In conclusion, we have demonstrated that biomarkers may improve the diagnosis of renal proximal tubule injury and may result in early detection of AKI. Larger prospective studies are necessary to validate the temporal expression pattern of various urinary biomarkers for early detection of AKI, how to combine multiple biomarkers for early detection of AKI, and how this temporal course relates to the onset, severity, and outcome of AKI.


Patient selection and urine collections

Cross-sectional study

In order to identify biomarkers that are sensitive and specific for the diagnosis of established AKI, 29 patients with various causes of AKI were selected from patients seen for renal consultation at Brigham and Women’s Hospital (19 males, 10 females; mean: 59 years) between November 2004 and March 2005. In this study, all patients with AKI had a 50% or greater increase in serum creatinine from baseline and muddy-brown granular or granular casts in urine sediments on microscopic examination. An additional 15 patients with various CKDs were selected from the renal clinic at Brigham and Women’s Hospital (10 males, five females; mean: 69.2 years). Patients were considered to have CKD if (1) they had a documented renal disease, which was diagnosed by renal biopsy and/or on clinical grounds and (2) the Scr remained relatively stable (± 0.5 mg per 100 ml) for at least 6 months. All patients in this group had stage 3 to 5 CKD as estimated by the Modification of Diet in Renal Disease study equation.21 CKD etiologies represented in this study include focal segmental glomerulosclerosis, hypertensive nephrosclerosis, renal artery stenosis, diabetic nephropathy, and lupus nephritis. Urine samples were also collected from 30 healthy subjects without known renal disease with bland urine sediments and from 10 patients with UTI without evidence of previous renal disease or AKI. All 10 UTI patients had a positive leukocyturia and urine culture with greater than 105 colonies. Relevant clinical information was obtained from the review of patients’ records. Spot urine samples were collected at the time of renal consult or outpatient clinic visit.

Case–control study

In order to study the expression pattern of biomarkers before the development of AKI, we analyzed urine samples that were collected prospectively in patients who were admitted to Cincinnati Children’s Hospital for surgical correction of congenital heart disease between January 2004 and November 2004.15 Exclusion criteria included CKD, diabetes mellitus, peripheral vascular disease, and use of nephrotoxic drugs before or during the study period. Urine samples were collected before surgery and every 2 h for the first 12 h and then once every 12 h. Serum creatinine was measured at baseline, routinely monitored at least twice a day in the immediate postoperative period, and at least daily after postoperative day 3. Postoperative AKI was defined as a 50% or greater increase in serum creatinine from baseline. A total of 280 urine samples were collected from all of the 20 pateints with AKI and randomly selected 20 patients without AKI. Serial urinary MMP-9, NAG, and KIM-1 levels were measured at the various time points in this study. Laboratory personal (A Johnson) was blinded to AKI and non-AKI status.

The institutional review boards of Brigham and Women’s Hospital and the Cincinnati Children’s Hospital Medical Center approved the study.

Urine samples

In the cross-sectional study, urine samples were centrifuged to remove cellular components and debris and the supernatant was stored at −80°C. All urine samples were analyzed by urinary dipstick before centrifugation (Multistix 8 SG; Bayer Corporation, Tarrytown, NY, USA) and by microscopic examination by one of the authors (WK Han) (using Olympus microscope). Urine samples in the case–control study were centrifuged at 2000 g for 5 min and the supernatants were stored at −80°C. The samples were thawed and refrozen two times before this study. The time between initial urine collection and assay at Brigham and Women’s Hospital was about 2 years.

Measurement of urinary MMP-9, NAG, and KIM-1

Urinary soluble KIM-1 protein was quantified by a modified enzyme-linked immunosorbent assay system as previously described.4 Briefly, the wells of an enzyme-linked immunosorbent assay plate (MaxiSorp; Nunc, Naperville, IL, USA) were coated with anti-KIM-1 polyclonal antibody (overnight incubation at 4°C with 200 μl of antibody at 1.0 μg ml−1 in 50 mM carbonate solution). The wells were blocked with a bovine serum albumin solution (1% in phosphate-buffered saline) and were washed four times with PBST (phosphate-buffered saline with 0.05% Tween 20). Urine samples (100 μl) were then added to each well at room temperature for 3 h. After four washes with PBST, biotinylated anti-KIM-1 monoclonal antibody (AWE-2) was added, followed by horseradish peroxidase-conjugated streptavidin and tetramethylbenzidine as substrate. Total urine MMP-9 concentration was measured using a commercially available enzyme-linked immunosorbent assay kit (Quantikine; R&D systems, Minneapolis, MN, USA). NAG was measured by colorimetric assay by using a commercially available kit (Roche Applied Science, Indianapolis, IN, USA). The measured values were normalized to the urinary creatinine concentration. The inter-assay and intra-assay coefficients of variation for MMP-9, NAG, and KIM-1 were less than 10%.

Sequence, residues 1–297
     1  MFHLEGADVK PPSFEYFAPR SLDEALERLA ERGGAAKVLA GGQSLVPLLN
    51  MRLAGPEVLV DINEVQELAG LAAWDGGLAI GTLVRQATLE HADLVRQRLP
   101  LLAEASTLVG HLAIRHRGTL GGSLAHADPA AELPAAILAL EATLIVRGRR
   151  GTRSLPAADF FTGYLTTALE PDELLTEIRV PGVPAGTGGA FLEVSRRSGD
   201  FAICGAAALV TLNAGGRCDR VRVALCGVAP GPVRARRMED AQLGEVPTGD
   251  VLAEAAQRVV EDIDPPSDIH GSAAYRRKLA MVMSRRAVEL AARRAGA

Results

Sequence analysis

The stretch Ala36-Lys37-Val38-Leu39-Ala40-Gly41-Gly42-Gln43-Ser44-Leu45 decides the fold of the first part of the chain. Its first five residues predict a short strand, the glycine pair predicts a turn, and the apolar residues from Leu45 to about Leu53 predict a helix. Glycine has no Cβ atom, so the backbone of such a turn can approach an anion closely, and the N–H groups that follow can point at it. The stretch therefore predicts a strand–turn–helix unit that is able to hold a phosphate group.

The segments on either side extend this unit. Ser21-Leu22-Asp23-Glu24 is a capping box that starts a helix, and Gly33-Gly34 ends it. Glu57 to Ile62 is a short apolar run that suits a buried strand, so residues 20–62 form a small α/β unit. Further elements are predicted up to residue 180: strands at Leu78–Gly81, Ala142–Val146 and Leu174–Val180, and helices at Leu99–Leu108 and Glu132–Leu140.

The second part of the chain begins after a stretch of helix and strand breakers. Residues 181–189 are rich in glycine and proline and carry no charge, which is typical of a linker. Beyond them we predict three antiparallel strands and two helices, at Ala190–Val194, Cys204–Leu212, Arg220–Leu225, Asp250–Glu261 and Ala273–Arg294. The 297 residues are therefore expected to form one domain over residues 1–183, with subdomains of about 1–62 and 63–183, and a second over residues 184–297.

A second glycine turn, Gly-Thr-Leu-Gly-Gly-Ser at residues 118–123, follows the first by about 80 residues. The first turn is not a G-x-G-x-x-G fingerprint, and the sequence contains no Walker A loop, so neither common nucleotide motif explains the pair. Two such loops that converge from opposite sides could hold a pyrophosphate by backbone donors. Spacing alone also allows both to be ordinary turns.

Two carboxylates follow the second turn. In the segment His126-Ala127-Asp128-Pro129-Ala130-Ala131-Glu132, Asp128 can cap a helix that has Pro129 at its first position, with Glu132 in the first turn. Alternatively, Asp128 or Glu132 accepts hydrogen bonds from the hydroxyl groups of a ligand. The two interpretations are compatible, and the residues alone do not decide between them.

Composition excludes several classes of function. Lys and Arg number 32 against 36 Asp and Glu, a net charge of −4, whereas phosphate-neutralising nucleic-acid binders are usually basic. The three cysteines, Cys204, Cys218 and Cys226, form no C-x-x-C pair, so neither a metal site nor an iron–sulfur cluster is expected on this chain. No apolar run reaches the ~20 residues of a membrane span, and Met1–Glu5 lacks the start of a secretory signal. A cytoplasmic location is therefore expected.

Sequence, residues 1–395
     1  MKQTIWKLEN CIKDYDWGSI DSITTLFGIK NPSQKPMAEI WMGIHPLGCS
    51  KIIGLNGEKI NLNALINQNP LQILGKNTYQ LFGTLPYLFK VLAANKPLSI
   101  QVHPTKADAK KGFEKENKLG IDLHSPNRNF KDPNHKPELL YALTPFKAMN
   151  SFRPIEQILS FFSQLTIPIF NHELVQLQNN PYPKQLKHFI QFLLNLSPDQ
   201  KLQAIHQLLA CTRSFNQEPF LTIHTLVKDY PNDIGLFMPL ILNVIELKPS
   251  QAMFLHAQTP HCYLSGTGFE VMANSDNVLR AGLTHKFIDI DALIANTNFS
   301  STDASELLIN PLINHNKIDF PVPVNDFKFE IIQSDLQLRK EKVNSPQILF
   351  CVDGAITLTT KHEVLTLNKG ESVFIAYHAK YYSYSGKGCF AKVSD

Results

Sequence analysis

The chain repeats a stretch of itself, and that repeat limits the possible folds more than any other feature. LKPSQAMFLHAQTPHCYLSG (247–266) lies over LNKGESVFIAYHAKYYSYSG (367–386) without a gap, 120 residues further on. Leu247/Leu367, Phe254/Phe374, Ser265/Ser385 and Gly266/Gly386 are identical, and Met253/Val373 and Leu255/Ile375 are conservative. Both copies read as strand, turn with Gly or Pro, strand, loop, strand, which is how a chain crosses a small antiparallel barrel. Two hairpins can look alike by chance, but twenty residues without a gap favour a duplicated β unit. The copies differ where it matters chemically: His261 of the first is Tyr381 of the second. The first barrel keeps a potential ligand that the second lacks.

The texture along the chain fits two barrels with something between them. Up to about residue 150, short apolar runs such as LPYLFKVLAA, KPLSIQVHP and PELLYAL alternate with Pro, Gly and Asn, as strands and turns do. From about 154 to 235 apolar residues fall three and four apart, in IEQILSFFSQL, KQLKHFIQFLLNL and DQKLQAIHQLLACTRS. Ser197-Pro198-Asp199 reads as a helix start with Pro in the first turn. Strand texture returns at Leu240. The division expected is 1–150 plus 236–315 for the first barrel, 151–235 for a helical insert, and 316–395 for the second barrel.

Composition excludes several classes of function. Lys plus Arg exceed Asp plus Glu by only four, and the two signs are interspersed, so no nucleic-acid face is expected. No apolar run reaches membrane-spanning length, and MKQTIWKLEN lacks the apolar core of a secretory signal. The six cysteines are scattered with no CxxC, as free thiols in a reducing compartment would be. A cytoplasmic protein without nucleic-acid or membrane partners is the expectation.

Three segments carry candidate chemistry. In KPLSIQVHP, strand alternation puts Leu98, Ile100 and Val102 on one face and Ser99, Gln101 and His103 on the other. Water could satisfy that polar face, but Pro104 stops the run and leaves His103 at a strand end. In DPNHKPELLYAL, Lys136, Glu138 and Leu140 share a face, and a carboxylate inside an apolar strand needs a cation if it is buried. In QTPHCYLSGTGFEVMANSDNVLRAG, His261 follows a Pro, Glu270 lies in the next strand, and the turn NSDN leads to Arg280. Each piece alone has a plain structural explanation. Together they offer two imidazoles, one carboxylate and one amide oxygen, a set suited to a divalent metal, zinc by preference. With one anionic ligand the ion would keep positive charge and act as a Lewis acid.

Serum and urinary creatinine determination

Serum and urine creatinine concentrations were measured by the Jaffé assay using Roche/Hitachi 917 and 911 systems (Roche Diagnostics, Indianapolis, IN, USA), respectively.

Statistical analysis

Continuous variables were compared using the Student’s t-test or the non-parametric Mann–Whitney U-test, as appropriate. For analysis of single biomarkers, ROC curves were drawn and the AUCs calculated and compared using the method of Hanley and McNeil22 for the cross-sectional data and comparison for a single time point for the case–control data. Two-tailed P-values less than 0.05 were considered statistically significant. For joint analysis of multiple biomarkers, the linear combination that maximized the area under the ROC curve was found.23 For the cross-sectional study, the formula for multiple biomarkers was [normalized KIM-1 concentration] +0.18[normalized NAG concentration] + 0.1[MMP-9 concentration]. For the case–control study, the formula was [normalized KIM-1 concentration] + 0.25[normalized NAG concentration]. Bootstrap percentile confidence intervals were calculated using 2000 resamples. Statistical analyses were performed using SAS Version 9.1 (SAS Institute, Cary, NC, USA), MedCalc Version 9.3.1 (MedCalc Inc., Mariakerke, Belgium), and R version 2.1.1 (http://www.r-project.org).


This work was supported in part by National Institutes of Health grants RO1-DK39773, DK074099 and DK072381 (JVB), RO1-DK53289 (PD), and KO8-DK64075 (WKH). This work was presented in part at the 2005 and 2006 (Philadelphia, PA, USA 8 to 13 November 2005; San Diego, CA, USA 14 to 19 November 2006) American Society of Nephrology annual meetings and published in abstract forms (J Am Soc Nephrol 16: 316A, 2005 and J Am Soc Nephrol 17: 403A, 2006).